This morning, Ruth and I drove with Lizan and her mother to the Wolfson hospital. On our way we picked up a family from Gaza to bring them to Tel Aviv. When we arrived we first ate lunch at the outside playground and took the chance to play a little bit. After that we went to her room for the night and Lizan got a first body check, to make sure that her body is in the right condition. During the body check, some journalists from Germany came in and started to ask questions about Lizan for their newspaper. The journalists then wanted to take some pictures with Lizan, and several other children from different nations, with the hospital-clown. Lizan told us later how surprising it was for her to hear the clown speaking. For her clowns are mute! 

After this photo shoot, which Lizan enjoyed a lot, we played UNO and did arts and crafts. We cut out paper dolls and then made clothes for our dolls. In the meantime, Lizan's mother and Ruth played Games with Zombies and boogers on their iPad. The whole time Lizan spread a lot of joy, and Samira was just thankful that finally the day of the catheterization had come. Then Lizan had to take two blood tests. She cried a little bit, but all in all she was very brave. However her initial pure joy was a bit chastened and turned into uncertainty and anxiety for tomorrow. In the end we all prayed together for the big day tomorrow.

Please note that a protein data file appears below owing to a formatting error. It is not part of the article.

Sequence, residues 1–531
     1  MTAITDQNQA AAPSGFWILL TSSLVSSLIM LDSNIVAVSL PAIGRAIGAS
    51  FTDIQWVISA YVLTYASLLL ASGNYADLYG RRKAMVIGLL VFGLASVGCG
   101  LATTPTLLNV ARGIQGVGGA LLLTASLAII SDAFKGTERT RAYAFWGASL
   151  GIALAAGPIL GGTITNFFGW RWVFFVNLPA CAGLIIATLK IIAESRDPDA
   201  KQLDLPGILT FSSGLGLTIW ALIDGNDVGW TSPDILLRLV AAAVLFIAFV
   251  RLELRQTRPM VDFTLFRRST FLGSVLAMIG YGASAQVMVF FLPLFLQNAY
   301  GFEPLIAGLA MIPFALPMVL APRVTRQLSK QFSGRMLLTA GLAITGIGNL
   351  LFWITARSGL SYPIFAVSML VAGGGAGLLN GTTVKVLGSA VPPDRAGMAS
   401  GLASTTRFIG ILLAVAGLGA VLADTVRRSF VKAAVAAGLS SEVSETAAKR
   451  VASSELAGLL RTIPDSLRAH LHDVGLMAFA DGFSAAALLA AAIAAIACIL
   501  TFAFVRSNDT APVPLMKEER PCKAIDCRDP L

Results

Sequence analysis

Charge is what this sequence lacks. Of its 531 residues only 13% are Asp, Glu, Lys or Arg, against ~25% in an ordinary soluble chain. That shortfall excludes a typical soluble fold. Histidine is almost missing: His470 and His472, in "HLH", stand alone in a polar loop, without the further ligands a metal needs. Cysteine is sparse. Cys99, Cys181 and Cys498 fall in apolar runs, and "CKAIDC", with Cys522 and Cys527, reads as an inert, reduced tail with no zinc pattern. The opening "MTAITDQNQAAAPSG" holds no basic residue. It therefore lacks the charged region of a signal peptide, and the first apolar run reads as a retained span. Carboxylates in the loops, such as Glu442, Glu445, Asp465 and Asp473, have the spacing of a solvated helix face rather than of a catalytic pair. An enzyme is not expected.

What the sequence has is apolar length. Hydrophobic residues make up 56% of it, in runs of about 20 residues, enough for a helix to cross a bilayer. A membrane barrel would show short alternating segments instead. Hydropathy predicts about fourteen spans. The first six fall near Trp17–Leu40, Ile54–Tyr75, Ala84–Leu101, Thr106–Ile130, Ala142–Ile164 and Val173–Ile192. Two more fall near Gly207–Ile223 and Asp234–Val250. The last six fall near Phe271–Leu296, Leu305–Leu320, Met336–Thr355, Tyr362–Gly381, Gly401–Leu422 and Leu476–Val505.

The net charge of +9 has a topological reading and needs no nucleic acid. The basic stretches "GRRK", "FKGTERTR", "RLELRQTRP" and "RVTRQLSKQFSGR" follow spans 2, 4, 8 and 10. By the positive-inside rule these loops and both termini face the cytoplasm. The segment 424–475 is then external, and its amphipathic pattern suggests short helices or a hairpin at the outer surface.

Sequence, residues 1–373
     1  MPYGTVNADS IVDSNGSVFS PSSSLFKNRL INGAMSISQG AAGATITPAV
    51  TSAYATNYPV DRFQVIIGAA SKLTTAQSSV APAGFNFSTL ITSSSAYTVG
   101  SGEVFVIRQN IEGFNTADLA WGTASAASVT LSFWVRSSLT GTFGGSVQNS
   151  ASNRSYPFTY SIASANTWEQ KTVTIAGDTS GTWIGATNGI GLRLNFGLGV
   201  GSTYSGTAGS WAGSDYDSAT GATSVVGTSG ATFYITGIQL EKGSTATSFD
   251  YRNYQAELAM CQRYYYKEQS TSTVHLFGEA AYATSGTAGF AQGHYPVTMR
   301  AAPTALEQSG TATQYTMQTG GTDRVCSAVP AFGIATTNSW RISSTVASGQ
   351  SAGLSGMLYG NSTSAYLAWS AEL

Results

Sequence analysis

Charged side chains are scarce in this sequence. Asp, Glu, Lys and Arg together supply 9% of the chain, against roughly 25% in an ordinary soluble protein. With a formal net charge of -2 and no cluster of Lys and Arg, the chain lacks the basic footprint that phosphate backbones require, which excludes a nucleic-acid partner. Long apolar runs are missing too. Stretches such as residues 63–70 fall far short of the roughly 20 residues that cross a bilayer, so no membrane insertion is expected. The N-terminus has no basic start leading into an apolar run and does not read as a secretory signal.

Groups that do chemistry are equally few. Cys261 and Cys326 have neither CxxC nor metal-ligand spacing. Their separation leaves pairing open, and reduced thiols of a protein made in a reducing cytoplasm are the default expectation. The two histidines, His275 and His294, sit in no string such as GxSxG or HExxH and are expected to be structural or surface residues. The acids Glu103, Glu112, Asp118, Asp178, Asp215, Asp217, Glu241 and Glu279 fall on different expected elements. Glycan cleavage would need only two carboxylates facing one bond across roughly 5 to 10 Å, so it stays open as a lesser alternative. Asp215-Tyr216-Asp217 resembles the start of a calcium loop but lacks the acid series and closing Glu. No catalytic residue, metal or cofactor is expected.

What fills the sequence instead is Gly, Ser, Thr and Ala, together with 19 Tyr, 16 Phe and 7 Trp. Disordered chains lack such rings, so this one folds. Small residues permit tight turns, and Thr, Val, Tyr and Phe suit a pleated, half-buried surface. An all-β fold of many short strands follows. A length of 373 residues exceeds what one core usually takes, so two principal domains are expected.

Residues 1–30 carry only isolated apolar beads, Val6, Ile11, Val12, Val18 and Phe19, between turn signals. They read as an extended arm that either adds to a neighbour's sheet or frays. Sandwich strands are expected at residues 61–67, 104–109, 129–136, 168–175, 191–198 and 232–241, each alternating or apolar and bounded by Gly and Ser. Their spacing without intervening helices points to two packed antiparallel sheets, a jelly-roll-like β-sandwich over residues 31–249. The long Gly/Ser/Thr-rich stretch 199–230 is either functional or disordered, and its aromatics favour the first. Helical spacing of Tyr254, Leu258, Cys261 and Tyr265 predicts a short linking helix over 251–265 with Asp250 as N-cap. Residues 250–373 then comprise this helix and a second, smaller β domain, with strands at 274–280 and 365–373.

Please pray with us for a succesful catheterization and especially, that Lizan and her mother can experience God as her comforter and healer. 

Progress and Smiles

Posted on Wed, 11/19/2014 - 21:03 by Madison Akins

Today, a couple of us went with Lizan and her mother to Wolfson Hospital in Tel Aviv for Lizan’s CT scan. Although it was extra early in the morning and Lizan was not yet fully awake, there was a sense of excitement in the air because this was Lizan’s first appointment in preparation for her catheterization in over two months.